Other material on this CD collection proves to contain even further dramatic moments. Most of these are sections from the band's live concerts, and feature some startling incidents of non-LP brilliance.

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LUTZ ULBRICH: Kurzmusiken (double CD on Manikin Records)

Lutz Ulbrich has been active in the European electronic scene from its seminal inception in the early Seventies, as a co-founding member of Agitation Free all the way to his recent work as a member of Ashra's touring line-up. He even toured with Nico in 1979 (his guitar accompanying her harmonium). This boy has gotten around.

Released in 2001, this double CD features a wide selection of Ulbrich's instrumental music, ranging over the last fifteen years as a musician. The styles are diverse, sending the listener on a very unpredictable voyage for 107 minutes. Many of the songs within that timespan are extremely short.

You can expect to hear delicate ambient tunes with lilting crystalline electronics. You might be surprised by the synthetic mambo, but the cheerful-but-ominous "Wunderland" will raise your eyebrows even further. Carnival keyboards and robotic E-perc, cosmic passages of interstellar majesty, stately pipe organs followed by deadly bass, hyperspeed fingers on Spanish guitar strings, easy-listening rhythm machine with romantic electric guitar, heavenly choirs, incidents of quasi-Residential E-perc, banjo subway rides, cafe grand piano chased by a stratospheric banshee hiding in a row of orchestral strings. With a few brief abstract pieces collaged together to generate an exhibition of curious moments. No point in belaboring the point: Ulbrich is a versatile man, in instrument and in style.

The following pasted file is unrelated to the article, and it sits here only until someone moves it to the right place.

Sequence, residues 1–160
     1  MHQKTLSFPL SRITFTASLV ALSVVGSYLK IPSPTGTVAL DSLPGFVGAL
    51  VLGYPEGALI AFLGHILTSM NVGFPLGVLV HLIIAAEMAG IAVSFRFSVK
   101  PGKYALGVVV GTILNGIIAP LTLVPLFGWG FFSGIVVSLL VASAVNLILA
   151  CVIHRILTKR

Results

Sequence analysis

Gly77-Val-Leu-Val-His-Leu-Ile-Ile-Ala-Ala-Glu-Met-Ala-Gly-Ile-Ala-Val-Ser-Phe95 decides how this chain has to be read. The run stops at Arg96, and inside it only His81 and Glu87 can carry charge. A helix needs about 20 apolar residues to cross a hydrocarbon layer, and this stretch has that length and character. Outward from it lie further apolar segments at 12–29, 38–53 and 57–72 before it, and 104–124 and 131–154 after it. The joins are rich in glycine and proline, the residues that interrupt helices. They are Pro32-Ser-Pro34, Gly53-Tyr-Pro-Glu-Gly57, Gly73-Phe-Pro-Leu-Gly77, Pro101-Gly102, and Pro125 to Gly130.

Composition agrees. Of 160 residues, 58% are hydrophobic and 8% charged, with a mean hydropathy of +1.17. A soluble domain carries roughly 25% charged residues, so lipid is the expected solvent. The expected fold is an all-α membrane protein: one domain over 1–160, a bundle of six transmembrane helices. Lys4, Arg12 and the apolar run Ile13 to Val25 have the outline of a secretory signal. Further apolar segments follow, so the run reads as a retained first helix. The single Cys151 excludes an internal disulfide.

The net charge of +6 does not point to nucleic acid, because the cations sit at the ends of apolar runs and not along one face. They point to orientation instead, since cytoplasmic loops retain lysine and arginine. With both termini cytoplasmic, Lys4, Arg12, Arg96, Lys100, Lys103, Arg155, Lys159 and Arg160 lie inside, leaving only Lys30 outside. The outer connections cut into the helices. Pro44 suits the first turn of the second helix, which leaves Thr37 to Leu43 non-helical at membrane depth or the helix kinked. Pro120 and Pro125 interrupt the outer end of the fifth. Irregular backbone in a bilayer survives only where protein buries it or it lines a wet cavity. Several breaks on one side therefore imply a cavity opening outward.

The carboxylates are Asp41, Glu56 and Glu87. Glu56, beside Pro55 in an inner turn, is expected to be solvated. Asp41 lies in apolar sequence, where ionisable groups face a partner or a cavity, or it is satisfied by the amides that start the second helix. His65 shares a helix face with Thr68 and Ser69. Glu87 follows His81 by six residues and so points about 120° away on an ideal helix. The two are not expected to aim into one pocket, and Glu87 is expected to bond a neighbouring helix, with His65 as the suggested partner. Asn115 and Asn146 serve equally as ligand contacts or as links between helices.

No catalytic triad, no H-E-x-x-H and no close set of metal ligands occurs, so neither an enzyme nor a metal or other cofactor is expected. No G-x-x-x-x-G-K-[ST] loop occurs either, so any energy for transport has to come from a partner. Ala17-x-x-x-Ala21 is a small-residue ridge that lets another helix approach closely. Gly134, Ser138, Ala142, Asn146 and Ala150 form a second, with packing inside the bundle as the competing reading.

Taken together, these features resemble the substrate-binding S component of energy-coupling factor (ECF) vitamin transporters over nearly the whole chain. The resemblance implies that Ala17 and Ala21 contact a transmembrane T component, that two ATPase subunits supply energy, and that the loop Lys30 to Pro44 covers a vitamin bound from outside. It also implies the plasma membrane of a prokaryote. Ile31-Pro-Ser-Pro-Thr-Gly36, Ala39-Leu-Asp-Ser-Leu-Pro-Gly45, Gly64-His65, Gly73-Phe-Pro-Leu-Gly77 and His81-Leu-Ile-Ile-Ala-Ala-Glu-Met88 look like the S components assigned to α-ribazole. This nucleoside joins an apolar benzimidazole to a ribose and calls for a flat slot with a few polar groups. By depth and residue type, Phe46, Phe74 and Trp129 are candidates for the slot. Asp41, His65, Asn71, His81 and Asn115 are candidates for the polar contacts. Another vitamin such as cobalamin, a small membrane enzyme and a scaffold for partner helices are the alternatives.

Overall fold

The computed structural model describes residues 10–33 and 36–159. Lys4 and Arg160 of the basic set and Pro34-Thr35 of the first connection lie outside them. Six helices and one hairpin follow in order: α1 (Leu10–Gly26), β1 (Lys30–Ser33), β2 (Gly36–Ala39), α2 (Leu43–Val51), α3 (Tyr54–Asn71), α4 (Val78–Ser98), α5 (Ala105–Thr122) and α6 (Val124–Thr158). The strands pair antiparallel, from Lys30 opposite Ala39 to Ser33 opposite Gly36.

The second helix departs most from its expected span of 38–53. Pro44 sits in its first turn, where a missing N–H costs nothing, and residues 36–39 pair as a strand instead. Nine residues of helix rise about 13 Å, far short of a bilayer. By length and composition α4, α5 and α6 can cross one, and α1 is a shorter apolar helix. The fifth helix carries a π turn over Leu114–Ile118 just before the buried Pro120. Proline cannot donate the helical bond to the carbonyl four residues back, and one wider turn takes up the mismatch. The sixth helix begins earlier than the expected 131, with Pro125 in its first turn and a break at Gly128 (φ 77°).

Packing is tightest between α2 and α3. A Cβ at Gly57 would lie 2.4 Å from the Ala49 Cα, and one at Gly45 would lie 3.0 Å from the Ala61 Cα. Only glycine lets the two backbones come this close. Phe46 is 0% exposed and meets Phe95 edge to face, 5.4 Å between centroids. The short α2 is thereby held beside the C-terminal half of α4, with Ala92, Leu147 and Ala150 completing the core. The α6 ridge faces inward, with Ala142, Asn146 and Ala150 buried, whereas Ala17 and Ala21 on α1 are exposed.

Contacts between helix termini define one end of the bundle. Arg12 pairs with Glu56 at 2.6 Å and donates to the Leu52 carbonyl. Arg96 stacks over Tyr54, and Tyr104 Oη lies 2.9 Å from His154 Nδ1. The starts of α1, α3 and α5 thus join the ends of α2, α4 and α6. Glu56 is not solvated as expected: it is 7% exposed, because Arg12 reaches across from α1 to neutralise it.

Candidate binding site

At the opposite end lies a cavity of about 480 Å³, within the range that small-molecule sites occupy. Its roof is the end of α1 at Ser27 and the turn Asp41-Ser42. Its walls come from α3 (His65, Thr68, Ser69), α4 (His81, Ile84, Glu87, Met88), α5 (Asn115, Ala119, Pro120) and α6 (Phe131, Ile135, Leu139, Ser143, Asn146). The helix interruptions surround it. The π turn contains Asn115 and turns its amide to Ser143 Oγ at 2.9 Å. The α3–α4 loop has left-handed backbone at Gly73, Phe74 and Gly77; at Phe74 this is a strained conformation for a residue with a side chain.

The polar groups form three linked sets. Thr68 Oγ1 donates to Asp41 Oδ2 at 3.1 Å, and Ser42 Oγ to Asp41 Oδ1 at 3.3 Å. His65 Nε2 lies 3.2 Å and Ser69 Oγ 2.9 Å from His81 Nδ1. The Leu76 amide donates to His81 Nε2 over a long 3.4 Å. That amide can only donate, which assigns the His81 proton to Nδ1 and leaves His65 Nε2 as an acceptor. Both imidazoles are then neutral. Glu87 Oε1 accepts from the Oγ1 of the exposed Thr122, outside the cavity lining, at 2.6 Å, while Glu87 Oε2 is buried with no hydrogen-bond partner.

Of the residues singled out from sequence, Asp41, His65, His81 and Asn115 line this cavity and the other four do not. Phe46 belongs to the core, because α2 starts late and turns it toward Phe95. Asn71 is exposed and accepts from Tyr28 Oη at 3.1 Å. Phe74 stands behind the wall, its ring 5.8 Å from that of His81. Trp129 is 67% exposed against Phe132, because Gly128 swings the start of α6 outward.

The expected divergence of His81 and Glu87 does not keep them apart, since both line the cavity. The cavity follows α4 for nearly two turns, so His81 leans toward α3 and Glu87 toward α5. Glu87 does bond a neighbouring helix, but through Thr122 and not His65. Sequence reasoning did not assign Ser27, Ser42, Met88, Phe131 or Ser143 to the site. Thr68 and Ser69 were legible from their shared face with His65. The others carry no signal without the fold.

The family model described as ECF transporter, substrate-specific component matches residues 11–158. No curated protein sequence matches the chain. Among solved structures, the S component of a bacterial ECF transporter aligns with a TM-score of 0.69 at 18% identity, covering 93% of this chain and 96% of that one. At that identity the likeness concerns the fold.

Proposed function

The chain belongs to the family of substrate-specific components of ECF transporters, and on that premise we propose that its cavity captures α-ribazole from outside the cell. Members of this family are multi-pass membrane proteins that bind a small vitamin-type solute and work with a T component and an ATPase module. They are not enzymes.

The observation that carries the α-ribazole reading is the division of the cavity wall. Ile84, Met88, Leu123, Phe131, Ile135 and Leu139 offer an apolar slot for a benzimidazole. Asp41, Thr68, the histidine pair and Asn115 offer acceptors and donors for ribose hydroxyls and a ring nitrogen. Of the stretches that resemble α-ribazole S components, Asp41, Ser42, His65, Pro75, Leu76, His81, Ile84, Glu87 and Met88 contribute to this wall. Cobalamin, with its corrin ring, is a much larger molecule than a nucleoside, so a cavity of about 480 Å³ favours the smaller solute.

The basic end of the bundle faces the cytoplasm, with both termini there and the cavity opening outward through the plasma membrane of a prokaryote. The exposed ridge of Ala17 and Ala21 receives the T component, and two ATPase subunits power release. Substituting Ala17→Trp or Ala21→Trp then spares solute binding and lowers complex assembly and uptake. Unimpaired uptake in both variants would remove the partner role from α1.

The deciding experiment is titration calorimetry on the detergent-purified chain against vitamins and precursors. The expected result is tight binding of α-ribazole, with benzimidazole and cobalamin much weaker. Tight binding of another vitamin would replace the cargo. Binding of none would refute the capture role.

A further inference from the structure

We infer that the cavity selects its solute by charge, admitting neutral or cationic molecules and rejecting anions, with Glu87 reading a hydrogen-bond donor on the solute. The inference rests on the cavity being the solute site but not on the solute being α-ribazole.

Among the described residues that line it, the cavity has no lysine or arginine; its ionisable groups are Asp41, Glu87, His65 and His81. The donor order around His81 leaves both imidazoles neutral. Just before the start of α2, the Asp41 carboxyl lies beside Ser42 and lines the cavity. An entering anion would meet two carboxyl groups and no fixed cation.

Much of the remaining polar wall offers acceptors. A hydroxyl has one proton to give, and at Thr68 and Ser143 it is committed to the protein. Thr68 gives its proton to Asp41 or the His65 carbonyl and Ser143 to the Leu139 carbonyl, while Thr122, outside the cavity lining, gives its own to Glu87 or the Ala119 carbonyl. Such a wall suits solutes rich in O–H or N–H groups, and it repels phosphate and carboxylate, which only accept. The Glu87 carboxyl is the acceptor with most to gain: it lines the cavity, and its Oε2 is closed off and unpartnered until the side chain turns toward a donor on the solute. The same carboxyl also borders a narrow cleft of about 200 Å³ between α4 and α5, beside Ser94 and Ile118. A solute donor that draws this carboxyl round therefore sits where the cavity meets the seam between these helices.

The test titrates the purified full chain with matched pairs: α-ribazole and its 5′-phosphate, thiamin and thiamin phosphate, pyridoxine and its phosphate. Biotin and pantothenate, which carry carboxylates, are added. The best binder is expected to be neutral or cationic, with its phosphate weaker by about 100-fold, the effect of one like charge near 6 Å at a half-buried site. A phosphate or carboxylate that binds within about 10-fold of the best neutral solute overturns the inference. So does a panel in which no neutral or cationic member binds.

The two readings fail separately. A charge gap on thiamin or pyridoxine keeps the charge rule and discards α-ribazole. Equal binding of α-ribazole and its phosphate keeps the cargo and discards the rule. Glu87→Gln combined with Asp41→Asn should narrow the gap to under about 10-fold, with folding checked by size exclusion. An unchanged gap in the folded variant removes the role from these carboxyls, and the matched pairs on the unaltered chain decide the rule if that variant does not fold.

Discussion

Whether the track is a dynamic synthesizer piece or an underwater journey into wobbling ambience, Ulbrich's music shares a distinct trait in his cheerful attitude. This music is uplifting and positive.

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WAVESTAR: Zenith (CD on Groove Unlimited)

Originally released on cassette in 1985 (then on CD in 1993), this music has been remastered and added to, resulting in a total of 67 minutes for this 2001 CD reissue of this second album by Wavestar (aka John Dyson and David Ward-Hunt).

If this material is "dated" at all, it is firmly rooted in a time of expansive majesty in the genre of electronic music. Ambient electronics float in a sea of actively sequenced keyboards. When these sequencer rolls are not fulfilling the music's rhythmic quotient, E-perc delivers the required energetic elements. Searing guitar injects a visceral quality, bestowing both guts and intellectualism to the music.

The melodies are carefully balanced between brooding soundscapes and explosively dynamic structures. Slowburn passages lead into more intricate waves of ascendant music.

Besides featuring a different version of the track "Time Node" from the original release, this CD also features a live version of that piece from Wavestar's rehearsal for their KLEMdag concert in 1991.